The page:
MONTROSE: On Sunday night three prisoners escaped from the jail and up to time of going to press only one of them had been apprehended. They were Charles Ploutz, George Lucatz and Robert J. Sands. Ploutz was captured in Binghamton and returned to the jail. $50 reward has been offered for Lucatz and $75 for Sands. The manner of their escape is more conjecture than anything else, but it is supposed that George Reasch, a boy of 12 or 13, who was indicted for larceny along with Ploutz, aided them in getting out. The boy was not confined with the other prisoners, but was allowed the freedom of the corridor and assisted about the jail. It is thought that he secured the keys in some way and let the three men out into the jail yard, from which they escaped by means of their bedding, which they tore into strips and scaled the wall.
ARARAT: Mr. and Mrs. Silas Sartelle celebrated their Silver Wedding, Dec. 20, and were presented with a set of China dishes.
HARFORD: Winfield VanBuskirk has gone west for his health. He is in Oklahoma, filling the position of station agent and telegraph operator.
SILVER LAKE: There are only three children of age to attend school in the Sheldon district; this number not being enough to keep the school open, they all attend different schools, none of which is nearer than one and two miles. A graded school in this township would be a great improvement.
SPRINGVILLE: The Grangers have rented their hall to Crescent Lodge Coming Men of America, which meets every Tuesday night. This is a patriotic and fraternal order, composed of the best young men of Springville and neighboring towns.
AUBURN CORNERS: Frank Riley, of Auburn Corners, who was stabbed by Ulysses Emmons, near Stevensville a short time ago, and was taken to a Wilkes-Barre hospital, is improving.
FOREST CITY: The proposed bridge across the Lackawanna river is again a dead issue for the time being. The Grand Jury refused to approve the viewers report in favor of the bridge. One reason for the failure was probably due to the lack of interest shown by our citizens at the crucial moment. Of those appointed by council only Atty. Carpenter and J. R. Budd went to Montrose. Mr. Carpenter should be commended for the efforts he has put forth, and it was through no fault of his that the project failed. The county is certainly not playing fair with Forest City. The next court should be asked to appoint viewers to go over the ground and report on the necessity for a bridge at this place.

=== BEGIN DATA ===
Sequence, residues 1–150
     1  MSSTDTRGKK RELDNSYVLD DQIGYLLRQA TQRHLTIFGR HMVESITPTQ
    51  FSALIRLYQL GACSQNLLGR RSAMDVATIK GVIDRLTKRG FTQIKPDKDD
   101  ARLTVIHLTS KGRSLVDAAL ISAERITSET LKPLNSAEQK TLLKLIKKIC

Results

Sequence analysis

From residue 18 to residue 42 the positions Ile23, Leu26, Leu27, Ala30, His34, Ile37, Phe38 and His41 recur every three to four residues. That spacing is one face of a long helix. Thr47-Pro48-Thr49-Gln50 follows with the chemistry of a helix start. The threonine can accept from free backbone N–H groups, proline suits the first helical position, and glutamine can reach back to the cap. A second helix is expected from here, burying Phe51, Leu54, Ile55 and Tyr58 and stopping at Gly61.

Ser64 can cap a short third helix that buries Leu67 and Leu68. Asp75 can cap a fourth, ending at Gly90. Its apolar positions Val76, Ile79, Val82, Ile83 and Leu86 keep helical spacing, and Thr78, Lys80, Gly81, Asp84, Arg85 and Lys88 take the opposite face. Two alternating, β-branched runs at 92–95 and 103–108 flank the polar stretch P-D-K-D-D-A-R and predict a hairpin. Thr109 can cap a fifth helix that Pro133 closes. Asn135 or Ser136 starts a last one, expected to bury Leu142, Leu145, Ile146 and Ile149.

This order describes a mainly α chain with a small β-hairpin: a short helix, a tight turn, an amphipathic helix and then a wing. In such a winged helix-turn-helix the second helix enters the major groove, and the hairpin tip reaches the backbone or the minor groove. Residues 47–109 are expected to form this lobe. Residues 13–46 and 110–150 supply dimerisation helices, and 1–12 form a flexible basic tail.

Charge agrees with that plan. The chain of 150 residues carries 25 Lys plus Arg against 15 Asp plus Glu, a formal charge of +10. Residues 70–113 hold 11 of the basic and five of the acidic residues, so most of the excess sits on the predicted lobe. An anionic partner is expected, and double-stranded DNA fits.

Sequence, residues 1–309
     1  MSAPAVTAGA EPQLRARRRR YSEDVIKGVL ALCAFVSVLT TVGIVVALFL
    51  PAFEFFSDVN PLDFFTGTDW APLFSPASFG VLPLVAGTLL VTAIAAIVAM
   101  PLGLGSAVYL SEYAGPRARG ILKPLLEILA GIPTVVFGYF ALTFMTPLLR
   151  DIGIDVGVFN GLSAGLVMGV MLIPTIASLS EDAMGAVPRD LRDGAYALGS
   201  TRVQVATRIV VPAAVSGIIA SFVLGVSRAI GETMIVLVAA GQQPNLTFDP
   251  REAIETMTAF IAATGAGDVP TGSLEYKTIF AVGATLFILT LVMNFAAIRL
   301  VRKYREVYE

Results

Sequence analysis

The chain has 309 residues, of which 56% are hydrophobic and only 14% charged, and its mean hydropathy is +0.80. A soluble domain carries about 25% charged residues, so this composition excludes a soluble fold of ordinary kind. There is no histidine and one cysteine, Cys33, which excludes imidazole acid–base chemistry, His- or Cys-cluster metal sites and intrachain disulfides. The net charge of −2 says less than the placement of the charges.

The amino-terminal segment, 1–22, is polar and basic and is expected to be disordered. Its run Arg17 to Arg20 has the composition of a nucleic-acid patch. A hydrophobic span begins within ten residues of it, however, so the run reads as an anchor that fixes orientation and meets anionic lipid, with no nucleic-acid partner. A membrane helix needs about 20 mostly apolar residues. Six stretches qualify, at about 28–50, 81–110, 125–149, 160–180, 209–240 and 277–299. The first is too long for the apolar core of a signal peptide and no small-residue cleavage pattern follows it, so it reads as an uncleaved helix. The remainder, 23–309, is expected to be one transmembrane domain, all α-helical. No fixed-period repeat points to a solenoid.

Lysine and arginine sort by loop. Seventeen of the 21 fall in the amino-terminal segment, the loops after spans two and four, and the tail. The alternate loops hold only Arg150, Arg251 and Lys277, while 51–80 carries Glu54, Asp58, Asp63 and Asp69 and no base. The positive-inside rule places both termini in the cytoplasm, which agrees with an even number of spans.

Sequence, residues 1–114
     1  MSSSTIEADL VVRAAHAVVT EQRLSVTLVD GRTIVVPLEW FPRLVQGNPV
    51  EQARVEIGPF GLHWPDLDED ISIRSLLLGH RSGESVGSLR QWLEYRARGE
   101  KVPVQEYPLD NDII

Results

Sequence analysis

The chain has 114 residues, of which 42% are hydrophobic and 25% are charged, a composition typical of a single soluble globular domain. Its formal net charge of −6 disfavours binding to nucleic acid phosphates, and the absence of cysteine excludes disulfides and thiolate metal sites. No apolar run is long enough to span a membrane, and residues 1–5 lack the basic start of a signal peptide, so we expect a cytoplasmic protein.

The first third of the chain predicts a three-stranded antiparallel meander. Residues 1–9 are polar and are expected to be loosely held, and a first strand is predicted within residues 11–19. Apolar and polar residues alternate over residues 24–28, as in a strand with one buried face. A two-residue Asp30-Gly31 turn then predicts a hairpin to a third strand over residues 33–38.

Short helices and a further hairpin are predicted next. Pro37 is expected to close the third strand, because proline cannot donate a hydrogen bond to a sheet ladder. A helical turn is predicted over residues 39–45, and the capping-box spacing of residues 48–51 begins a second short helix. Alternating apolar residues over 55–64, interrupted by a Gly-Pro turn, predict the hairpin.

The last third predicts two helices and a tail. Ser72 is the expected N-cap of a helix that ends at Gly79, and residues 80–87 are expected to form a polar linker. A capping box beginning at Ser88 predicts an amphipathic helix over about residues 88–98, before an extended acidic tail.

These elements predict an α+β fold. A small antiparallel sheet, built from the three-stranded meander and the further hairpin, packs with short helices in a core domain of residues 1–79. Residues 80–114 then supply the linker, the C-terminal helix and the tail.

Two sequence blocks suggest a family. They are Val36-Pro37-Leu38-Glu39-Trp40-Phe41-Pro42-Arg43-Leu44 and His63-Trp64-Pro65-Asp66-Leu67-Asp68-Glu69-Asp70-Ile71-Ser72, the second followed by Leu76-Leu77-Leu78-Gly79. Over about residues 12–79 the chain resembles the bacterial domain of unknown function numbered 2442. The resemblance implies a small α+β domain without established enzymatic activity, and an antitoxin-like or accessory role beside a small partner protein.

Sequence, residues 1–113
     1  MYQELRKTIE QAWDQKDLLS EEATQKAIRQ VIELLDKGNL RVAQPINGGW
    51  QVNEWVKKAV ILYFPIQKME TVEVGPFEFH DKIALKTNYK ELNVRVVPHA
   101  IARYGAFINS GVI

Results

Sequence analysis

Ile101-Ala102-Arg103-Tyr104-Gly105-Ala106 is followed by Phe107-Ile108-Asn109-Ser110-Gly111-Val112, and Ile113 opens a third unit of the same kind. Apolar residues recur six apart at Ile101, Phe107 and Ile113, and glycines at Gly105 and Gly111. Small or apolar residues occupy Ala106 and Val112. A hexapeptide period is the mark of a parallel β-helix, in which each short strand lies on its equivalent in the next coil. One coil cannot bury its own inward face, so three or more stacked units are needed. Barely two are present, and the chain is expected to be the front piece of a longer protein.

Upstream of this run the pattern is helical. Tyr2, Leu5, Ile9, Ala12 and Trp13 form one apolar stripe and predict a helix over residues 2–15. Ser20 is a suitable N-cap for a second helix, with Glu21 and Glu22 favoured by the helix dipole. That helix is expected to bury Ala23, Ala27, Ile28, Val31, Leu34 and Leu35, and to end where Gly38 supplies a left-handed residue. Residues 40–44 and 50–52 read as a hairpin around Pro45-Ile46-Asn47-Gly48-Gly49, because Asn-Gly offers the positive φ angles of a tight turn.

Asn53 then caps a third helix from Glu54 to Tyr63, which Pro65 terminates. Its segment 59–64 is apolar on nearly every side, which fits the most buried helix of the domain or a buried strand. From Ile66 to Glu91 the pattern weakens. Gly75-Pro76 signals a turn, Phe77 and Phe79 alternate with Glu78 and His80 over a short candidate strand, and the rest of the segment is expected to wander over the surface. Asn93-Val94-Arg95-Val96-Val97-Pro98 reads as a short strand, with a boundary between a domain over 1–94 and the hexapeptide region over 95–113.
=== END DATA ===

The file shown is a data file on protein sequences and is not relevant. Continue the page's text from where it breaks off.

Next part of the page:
GLENWOOD: The three Wescott brothers spent Xmas at the old homestead and caught a fine string of fish through the ice. AND: C. W. Hoppe has a fine new cutter.
CLIFFORD: R. H. Wells died Dec. 27th, 1904. He was born in Orange county, N.Y. in the year 1820, being at his death nearly 85 years of age, having been a man of very little sickness, although frail in appearance. He was one of those honest, hard working Christian men; a true Christian, not by pretense, but by acts and deeds. He was one of a large family but has now living but one brother and two sisters. AND: Thomas Morgan, our old Supervisor, is now proprietor of the Royal Hotel. Travelers and teamsters will find everything O.K. He is a fine fellow.
KINGSLEY: Rev. T. L. Drury will deliver a Temperance address at the M.E. Church here next Sunday evening. Subject: “The Saloon as seen by a news paper man.”
RUSHVILLE: It is reported that there will be a telephone line from West Auburn to Rushville in which John Power expects to furnish poles.
ELKDALE: Joel Stephens, one of the oldest residents in Elkdale, died very suddenly Monday evening. He was past 90 years old. He is survived by three sons, John, James and Grant and one daughter, Martha.
An Interest-ing Story
At its meeting on December 22, the Susquehanna County Board of Commissioners approved a resolution authorizing the county to obtain a Tax Revenue Anticipation Note (TRAN) in the amount of $1,620,000. The county will use the money to stay financially afloat until its real estate tax revenues start pouring in sometime next Spring.
While the amount appears to be unusually high alongside the $850,000 the county borrowed last year, TRANS are commonplace in counties and municipalities this time of year. Most counties and municipalities approve budgets that are fine-tuned to the enth degree and by the end of the year treasurers are scraping the bottom of the barrel to get operating money. TRANS are allowable by state law under the condition that the money be paid back in the same year it was borrowed.
There is no law that requires counties to seek bids on TRANS but Susquehanna County is fortunate to have Cathy Benedict, a conscientious county treasurer, who believes competitive bidding will get the county a lower interest rate. Generally, she is right.
Despite the fact that the paper work required to be completed in conjunction with the loan application is voluminous and very time consuming, generally banks that are awarded the loan do the paper work for nothing.